• My Scores
  • NFL
  • MLB
  • NBA
  • NHL
  • Golf

Late hits: Why do so many former NFL players go broke?

by | CBSSports.com National NFL Insider

Surely Roger Goodell and DeMaurice Smith can figure out a way to help destitute former players. (Getty Images)  
Surely Roger Goodell and DeMaurice Smith can figure out a way to help destitute former players. (Getty Images)  

The NFL is awash in cash. It's raining Benjamins. Billions of dollars, high television ratings, unprecedented popularity. There has never been anything like it in the history of American sports, which makes what you're about to read all the more puzzling.

This comes from the Gridiron Greats Assistance Fund (GGAF) which aids former NFL players that experience extreme financial hardships. These stories are taken verbatim from a GGAF email and are stunning:

 Former running back with the Miami Dolphins, suffering financial hardship because of the changing economy. He has changed jobs a few times in the last few years, each with a pay cut, all while taking classes so he can get a better job and provide for his high school age son. GGAF helped with one month of mortgage payments.

 Former punter with the Packers and Rams, suffering financial hardship because of cutbacks at his job. He is financially responsible for his young son. GGAF helped with utilities and rent.

 Former linebacker with the New Orleans Saints, suffering financial hardship since last year when his wife was diagnosed with cancer and has been unable to work. GGAF helped with mortgage payment.

 Former linebacker with the Detroit Lions, suffering from an incurable disease and has medical bills and financial hardships. GGAF helped with mortgage payments.

More on NFL
Related links
NFL coverage on the go

 Former wide receiver with the Jets and Ravens, suffering financial hardships due to his job not paying him over the summer. GGAF helped reconnect his utilities.

 Former running back with the Patriots, Falcons and Rams, currently living through a Chicago winter with water and gas pipes that were not working. GGAF helped negotiate with the contractor for donated services, so that he and his family would have heat and hot water.

 Former running back with the Oakland Raiders and Buffalo Bills, suffering financial hardship due to the economy and high medical/prescription costs. Was pawning his possessions to pay for his prescriptions and food, most of the time having to choose which to buy. GGAF helped pay for rent to keep him from being evicted, and to keep his utilities on.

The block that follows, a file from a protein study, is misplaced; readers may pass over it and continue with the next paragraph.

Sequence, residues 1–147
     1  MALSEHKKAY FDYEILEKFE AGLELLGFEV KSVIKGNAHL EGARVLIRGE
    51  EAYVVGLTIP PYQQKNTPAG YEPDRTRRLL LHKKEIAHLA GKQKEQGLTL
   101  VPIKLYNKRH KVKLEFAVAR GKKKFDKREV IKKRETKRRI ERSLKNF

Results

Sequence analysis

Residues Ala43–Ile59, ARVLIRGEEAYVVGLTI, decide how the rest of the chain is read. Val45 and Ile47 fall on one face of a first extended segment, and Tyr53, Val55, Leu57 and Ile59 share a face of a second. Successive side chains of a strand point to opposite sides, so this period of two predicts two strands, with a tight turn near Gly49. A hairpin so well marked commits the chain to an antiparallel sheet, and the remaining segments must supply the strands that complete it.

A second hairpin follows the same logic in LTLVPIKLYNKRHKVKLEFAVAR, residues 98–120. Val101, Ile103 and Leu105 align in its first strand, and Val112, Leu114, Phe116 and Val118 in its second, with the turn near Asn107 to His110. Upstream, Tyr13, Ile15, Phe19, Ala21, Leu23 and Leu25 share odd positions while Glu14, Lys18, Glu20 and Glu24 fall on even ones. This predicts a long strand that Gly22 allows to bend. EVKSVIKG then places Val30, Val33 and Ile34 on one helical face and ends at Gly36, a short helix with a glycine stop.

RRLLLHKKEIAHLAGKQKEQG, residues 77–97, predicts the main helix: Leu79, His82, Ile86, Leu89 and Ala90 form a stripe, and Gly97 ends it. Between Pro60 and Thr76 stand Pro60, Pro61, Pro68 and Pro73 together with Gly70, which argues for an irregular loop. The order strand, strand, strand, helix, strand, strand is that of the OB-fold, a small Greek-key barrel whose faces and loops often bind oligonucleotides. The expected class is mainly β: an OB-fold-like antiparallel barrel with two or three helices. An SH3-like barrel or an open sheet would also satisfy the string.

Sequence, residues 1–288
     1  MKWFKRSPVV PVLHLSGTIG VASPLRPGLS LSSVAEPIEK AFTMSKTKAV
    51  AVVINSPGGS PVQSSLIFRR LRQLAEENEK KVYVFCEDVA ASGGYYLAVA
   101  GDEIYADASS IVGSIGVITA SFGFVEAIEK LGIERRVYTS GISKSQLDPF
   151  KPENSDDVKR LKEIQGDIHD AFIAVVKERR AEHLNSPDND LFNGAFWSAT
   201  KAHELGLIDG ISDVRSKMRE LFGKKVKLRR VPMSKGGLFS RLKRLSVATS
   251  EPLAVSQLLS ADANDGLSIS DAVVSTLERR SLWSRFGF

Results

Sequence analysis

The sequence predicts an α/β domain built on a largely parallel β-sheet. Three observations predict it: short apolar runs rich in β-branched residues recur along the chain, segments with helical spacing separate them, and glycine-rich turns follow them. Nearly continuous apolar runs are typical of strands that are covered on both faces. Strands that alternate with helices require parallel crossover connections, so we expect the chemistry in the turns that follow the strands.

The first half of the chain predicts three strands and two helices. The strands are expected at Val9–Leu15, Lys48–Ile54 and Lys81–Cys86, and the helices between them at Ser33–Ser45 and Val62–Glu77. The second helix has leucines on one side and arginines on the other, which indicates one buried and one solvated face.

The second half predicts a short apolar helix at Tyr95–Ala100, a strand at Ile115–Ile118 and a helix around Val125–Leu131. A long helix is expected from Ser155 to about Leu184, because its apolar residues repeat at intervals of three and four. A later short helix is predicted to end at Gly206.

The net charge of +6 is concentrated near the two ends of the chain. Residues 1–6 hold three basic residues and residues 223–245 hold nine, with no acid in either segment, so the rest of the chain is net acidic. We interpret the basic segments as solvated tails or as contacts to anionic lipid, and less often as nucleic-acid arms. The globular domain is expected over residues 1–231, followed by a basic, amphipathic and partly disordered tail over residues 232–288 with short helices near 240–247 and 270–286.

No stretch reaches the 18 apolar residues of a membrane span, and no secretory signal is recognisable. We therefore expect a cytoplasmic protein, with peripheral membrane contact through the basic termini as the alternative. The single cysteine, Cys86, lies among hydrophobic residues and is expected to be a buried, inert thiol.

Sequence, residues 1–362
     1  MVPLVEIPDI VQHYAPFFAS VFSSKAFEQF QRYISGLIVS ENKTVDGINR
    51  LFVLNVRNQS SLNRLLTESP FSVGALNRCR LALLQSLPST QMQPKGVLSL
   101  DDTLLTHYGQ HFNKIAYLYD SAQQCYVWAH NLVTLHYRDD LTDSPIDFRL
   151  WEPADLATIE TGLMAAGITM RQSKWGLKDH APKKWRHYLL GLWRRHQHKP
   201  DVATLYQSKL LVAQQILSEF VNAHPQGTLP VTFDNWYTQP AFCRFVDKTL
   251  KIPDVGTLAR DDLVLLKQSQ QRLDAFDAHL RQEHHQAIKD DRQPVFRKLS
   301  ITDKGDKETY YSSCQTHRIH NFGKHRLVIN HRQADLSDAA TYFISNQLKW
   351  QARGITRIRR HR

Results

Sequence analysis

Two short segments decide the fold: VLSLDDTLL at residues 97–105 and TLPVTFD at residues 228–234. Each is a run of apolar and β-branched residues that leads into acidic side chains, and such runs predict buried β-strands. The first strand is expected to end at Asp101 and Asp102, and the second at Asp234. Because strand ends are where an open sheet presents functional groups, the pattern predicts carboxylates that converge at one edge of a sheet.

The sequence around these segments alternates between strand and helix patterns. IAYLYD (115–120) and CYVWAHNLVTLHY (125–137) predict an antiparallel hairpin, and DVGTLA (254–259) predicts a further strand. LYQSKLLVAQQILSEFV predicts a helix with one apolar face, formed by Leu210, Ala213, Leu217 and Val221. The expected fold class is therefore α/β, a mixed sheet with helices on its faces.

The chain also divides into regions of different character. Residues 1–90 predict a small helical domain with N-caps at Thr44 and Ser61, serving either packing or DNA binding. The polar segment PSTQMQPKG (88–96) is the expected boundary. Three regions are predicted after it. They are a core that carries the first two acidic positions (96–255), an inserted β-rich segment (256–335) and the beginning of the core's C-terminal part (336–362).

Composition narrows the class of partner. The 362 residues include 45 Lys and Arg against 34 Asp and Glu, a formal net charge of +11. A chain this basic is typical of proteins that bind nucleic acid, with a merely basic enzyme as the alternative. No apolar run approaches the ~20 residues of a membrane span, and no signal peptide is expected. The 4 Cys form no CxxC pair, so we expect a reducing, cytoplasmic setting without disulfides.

Former running back with the Bengals and Buccaneers, suffering financial hardship in this economy. GGAF helped pay for rent.

 Former defensive tackle with the 49ers, suffering from brain trauma from football related injuries, has gone through nine brain surgeries, and suffers seizures. GGAF helped pay bills.

 Former defensive tackle with the Cowboys, Saints and Bears, suffering financial hardship, has trouble working because of memory issues. GGAF helped pay rent so he wouldn't be evicted.

 Former tackle with the Buccaneers, suffering from chronic fatigue syndrome and a reduction of pay due to the economy. GGAF helped with car payments so he wouldn't lose his car. This isn't a story about blame. The union is run by an intelligent and compassionate man. The NFL, the same.

And there is definitely something to say about personal responsibility. Terrell Owens made enough money during his NFL career for several lifetimes, yet he's broke due to poor investments and child-support payments. That's on Owens, and it's possible some of the above stories happened because of irresponsible choices as well.

Yet many of these situations feel like men who simply slipped through the cracks through no fault of their own, and in a league that has so much money, how is it that any former player can be on the verge of eviction or having their car repossessed?

Some of this again is about personal responsibility. Not all of those men are victims. Some of the pain is self-inflicted, but it remains an amazing thing to see, nonetheless. It's also a reminder of why players fight for every penny when they play.

And the money continues to roll in…


Biggest Stories

CBSSports Facebook Google Plus
Conversation powered by Livefyre


Most Popular

2016 Super Bowl
Super Bowl